Re: Ortho Cameras

Linas Vepstas (
Mon, 17 Oct 1994 13:03:47 -0500

Hi Gavin,

>From: "Gavin Bell" <>
>Date: Fri, 14 Oct 1994 18:03:43 -0700
>Subject: Re: Ortho Cameras
>I don't like the reference point / lookat point / view plane normal
>model because it makes it hard to treat cameras like other objects for
>animation purposes.
>Consider moving the viewer through space. With the "textbook" view
>model, that involves changing both the reference point and the lookat

Just as hard as animating a cylinder. Somehow, you have to change
the locations of both ends of the cylinder. (Or the cylinder "origin",
the cylinder "direction", and the cylinder "length". And lets not
forget the radius. God forbid its a truncated cone, with a radius
at each end.)

I don't buy that argument.

>Rotating the camera about the eyepoint is just as bad,
>requiring changing the lookat point and the view plane normal.

That's easy! Don't do that! Treat the camera as a rigid object.

Here's what I mean: Consider the cylinder again. There are
two coordinate models for it. One is "floppy": I specify each
endpoint as a 3D point, independently. If you animate it, there
is some chance that you will change the distance between the endpoints,
and so the cylinder will grow & shrink in length. It'll look rubbery.

There is also the "rigid" coordinate model: you specify the cylinder
origin and direction. The length won't "accidentally" change, the
cylinder will behave more like an ordinary physical rod.

If you treat the camera as a rigid object, instead of all these
floppy normals and points, you won't have any problem moving it

>With Inventor's model, a camera has a position and orientation; to move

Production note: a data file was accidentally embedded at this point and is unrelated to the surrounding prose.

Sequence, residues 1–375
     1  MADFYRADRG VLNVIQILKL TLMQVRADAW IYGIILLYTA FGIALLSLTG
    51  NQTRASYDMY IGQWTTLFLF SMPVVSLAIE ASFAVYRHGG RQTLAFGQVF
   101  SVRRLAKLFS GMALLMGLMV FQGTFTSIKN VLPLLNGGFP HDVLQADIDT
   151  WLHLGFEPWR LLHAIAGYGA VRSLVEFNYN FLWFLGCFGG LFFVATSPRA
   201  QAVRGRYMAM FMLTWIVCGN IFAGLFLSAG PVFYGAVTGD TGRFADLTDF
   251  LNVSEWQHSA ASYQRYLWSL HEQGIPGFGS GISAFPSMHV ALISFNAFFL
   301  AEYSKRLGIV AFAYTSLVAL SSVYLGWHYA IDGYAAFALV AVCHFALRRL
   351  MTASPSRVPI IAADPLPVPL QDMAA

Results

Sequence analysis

>or rotate the camera you only have to change one value.

Gee, I wrote the above before I read this sentance.
Yes. This is exactly what I mean. This is true for both camera models,
not just for Inventor.

>Even nicer, code to animate a translation or rotation can be directly
>plugged into a cameras position or orientation field.

I was suggesting that you replace the opening angle parameter with
a screen width & height. I didn't say "throw out position & orientation".

>Assuming you're willing to give up the flexibility of a view plane
>normal for ease of use

You are not giving up ease of use !!! You are getting it !!

to use than the simple-minded one. You aim it, and you shoot. With the
simple minded camera, you fiddle with rotations & translations (ahh,
lesseee, to point it that-a-way, I gotta rotate around this axis -- no,
that axis, and, ahh, translate backwards a little, oops forwards, and
lessee, the opening angle is just a little too big...) Yuck. I went
through that for years until I "discovered" PHIGS style cameras.

> (I've never used non-perpendicular projections,

The standard demo is the split screen demo -- where scwartzenegger
walks behind a screen and turns into a wire-frame stick figure.

You draw the scene once with gouraud shaded polygons, then set
up the camera, and again with wire-frame. (You also have to set
up the clip planes as well).

>except for when doing stereo viewing, and stereo viewing should be
>hidden from an author of a VRML document),


> that just leaves two ways of
>specifying the 'zoom' for the camera:
>-- width and/or height at the "screen" (focalDistance, to me) plane
>-- horizontal and/or vertical field of view
>It is trivial to convert between these; a VRML implementation could
>certainly store the information in the camera either way. So the
>question is really which is easier for a person writing VRML files to
>And I claim that it is easier to understand the concept of
>field-of-view angle, because it is independent of the focal distance.
> With the field-of-view + focalDistance model, I can just say:
>PerspectiveCamera {
> position 10 10 10
> focalDistance 100
>... and get a camera at 10,10,10 with a reasonable (default) field of
>view and tell the browser the object of interest is 100 units in front
>of me.

What's the point of focal distance (in your model) ??
What does it do?

>With a focalDistance + screenHeight model, I would have to:
>PerspectiveCamera {
> position 10 10 10
> focalDistance 100
> screenHeight ???something???
>... respecify the screenHeight every time I specified a new

Jeez. Play fair. What's wrong with "A reasonable (default)
screen height"? Heck, I could claim that

Perspective Camera {
FieldOfView ?????something????

but I'm not sure what the point of that would be.